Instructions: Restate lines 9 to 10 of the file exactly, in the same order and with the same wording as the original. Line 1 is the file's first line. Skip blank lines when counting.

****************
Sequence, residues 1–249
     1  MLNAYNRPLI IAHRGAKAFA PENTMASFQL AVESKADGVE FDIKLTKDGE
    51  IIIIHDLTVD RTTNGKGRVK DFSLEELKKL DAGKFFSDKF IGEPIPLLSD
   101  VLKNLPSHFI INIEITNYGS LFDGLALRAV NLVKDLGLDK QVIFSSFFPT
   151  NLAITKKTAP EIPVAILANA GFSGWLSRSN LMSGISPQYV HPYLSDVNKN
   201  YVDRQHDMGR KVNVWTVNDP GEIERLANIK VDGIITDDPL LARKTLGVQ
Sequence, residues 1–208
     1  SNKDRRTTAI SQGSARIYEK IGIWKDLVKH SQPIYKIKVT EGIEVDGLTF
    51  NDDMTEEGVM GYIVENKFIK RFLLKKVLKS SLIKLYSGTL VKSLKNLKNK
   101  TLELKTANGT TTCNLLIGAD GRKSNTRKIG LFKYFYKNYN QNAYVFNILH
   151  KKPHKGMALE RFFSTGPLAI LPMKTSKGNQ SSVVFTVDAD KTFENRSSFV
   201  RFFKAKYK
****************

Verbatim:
    51  NDDMTEEGVM GYIVENKFIK RFLLKKVLKS SLIKLYSGTL VKSLKNLKNK
   101  TLELKTANGT TTCNLLIGAD GRKSNTRKIG LFKYFYKNYN QNAYVFNILH